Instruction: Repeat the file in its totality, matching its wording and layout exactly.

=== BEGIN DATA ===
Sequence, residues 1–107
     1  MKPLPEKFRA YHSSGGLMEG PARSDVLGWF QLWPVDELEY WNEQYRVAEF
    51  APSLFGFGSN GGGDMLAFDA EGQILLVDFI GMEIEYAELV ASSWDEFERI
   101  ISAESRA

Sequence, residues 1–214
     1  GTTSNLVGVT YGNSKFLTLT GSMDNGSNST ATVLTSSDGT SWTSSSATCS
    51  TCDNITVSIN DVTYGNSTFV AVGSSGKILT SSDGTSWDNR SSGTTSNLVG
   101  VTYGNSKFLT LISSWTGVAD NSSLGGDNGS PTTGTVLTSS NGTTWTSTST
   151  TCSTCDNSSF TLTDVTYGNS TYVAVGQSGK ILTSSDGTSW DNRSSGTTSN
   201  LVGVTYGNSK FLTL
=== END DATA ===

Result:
Sequence, residues 1–107
     1  MKPLPEKFRA YHSSGGLMEG PARSDVLGWF QLWPVDELEY WNEQYRVAEF
    51  APSLFGFGSN GGGDMLAFDA EGQILLVDFI GMEIEYAELV ASSWDEFERI
   101  ISAESRA

Sequence, residues 1–214
     1  GTTSNLVGVT YGNSKFLTLT GSMDNGSNST ATVLTSSDGT SWTSSSATCS
    51  TCDNITVSIN DVTYGNSTFV AVGSSGKILT SSDGTSWDNR SSGTTSNLVG
   101  VTYGNSKFLT LISSWTGVAD NSSLGGDNGS PTTGTVLTSS NGTTWTSTST
   151  TCSTCDNSSF TLTDVTYGNS TYVAVGQSGK ILTSSDGTSW DNRSSGTTSN
   201  LVGVTYGNSK FLTL